Analysis of Literature and Film

One semester course
Open to grades 10, 11, 12
Range of difficulty: 1-4

1. Rationale

The purpose of the course is to study narrative forms, genres, and techniques in both literature and film. Because today’s students at Lincoln-Sudbury are often sophisticated viewers who access information and narratives through “screens,” we think it is important for students to have an opportunity to think about and discuss the relative merits and differences between digital and print media. We also feel that an informed study of the many lenses through which we view the world can help our students understand and appreciate the way the media — both print and digital — influence and often manipulate our perceptions.

We use movies and works of fiction based on common subject matter and themes. We often read a novel or story and watch the movie derived from that novel or story. We may also read and view several works focused around a similar theme, but with differing settings or viewpoints.

The course reinforces critical thinking about literature and film. Students are encouraged to note the differences and similarities inherent in telling a story using verbal imagery and visual imagery. One goal of this course is to make students more aware of what they are being told by the movies they see. For that reason, we are careful in selecting a wide range of authors, directors, and titles. Special attention paid to how ideas are treated in literature and movies, and how narratives can change from one medium to another.

2. Topics and Themes Emphasized

The class explores the different approaches, tools, and techniques used across a variety of film and literature.

Which medium works best to tell a specific story? What aspects of storytelling are universal, and what opportunities and limitations are particular to literature and film? How are stories told differently in print and film? Are there specific formulas used to tell a narrative? In what ways can movies alter a narrative arc? What specific effects (black-and-white/color, music, voice-overs, flashbacks, in medias res) are used effectively in film? What are the narrative limits of movies? What can a novel or story do that a movie cannot?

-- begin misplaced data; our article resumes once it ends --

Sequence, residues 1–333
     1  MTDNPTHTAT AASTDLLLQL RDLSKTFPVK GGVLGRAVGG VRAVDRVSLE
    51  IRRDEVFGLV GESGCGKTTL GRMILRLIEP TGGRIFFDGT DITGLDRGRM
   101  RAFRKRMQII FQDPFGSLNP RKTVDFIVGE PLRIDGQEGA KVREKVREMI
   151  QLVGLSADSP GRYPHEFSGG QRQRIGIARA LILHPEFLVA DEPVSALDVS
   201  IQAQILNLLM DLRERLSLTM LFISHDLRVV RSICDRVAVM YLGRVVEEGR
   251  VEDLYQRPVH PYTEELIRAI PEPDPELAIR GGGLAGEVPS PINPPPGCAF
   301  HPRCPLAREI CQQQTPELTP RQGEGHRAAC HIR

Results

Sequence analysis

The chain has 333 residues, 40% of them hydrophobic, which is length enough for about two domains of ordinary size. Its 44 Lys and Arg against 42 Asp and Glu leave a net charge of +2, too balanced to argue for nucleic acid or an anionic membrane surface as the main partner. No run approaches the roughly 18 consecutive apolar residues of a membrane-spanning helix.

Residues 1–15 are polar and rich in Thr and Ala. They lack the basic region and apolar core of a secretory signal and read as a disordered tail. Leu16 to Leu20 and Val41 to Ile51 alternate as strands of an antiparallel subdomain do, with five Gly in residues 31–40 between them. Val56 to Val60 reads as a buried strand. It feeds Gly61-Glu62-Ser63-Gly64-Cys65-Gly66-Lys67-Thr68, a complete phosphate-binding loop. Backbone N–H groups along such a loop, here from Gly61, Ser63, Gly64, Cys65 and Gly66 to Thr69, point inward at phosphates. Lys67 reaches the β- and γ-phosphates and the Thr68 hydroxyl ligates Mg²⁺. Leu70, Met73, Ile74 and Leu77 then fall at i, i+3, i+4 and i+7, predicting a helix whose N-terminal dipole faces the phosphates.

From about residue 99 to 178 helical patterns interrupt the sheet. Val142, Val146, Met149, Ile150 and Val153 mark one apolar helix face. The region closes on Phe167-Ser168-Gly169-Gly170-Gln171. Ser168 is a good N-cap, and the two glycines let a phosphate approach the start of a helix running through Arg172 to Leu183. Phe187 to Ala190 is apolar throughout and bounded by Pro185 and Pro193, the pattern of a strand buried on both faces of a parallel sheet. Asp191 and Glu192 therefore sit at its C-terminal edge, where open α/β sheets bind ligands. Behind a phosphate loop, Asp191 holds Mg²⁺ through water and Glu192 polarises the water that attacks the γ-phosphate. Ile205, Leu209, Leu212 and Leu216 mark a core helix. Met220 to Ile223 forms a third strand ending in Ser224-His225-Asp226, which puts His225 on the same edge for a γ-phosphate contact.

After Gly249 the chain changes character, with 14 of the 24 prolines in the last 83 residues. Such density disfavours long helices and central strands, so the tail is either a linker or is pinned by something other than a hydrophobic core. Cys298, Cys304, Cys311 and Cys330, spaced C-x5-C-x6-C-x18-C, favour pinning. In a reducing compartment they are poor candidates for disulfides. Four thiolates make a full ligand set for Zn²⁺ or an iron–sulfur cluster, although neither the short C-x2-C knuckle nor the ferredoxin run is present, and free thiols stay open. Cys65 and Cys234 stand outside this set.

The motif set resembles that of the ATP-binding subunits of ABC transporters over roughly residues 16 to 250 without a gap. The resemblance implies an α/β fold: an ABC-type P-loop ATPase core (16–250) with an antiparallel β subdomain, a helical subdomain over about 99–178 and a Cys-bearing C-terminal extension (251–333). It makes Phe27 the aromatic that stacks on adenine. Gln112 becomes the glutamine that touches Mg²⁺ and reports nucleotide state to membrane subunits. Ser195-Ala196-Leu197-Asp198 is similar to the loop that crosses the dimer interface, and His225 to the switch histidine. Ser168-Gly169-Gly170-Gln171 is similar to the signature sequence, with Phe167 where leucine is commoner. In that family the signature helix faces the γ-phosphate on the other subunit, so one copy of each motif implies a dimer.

Some themes addressed in this class:

  • Power – as seen in government, in relationships and society
  • Identity – how forces such as class, race, and gender influence identity
  • Coming-of-age stories – differences from one decade to another, and from place to place
  • Genre — traditions and conventions.
  • Membership and outsiders
  • Technology and humanity

3. Methods and Sample Assignments

Students work on developing a critical vocabulary, emphasizing the literary terms and cinematic terminology necessary to explore, understand, and analyze narratives. We read reviews and commentaries to help expand students’ working vocabulary to discuss literature and film.

Students work as a class, in small groups, and individually. There are close reading and close viewing assignments, film screenings, and discussions. Students are responsible for individual note-taking as well as homework assignments (reading, writing, viewing).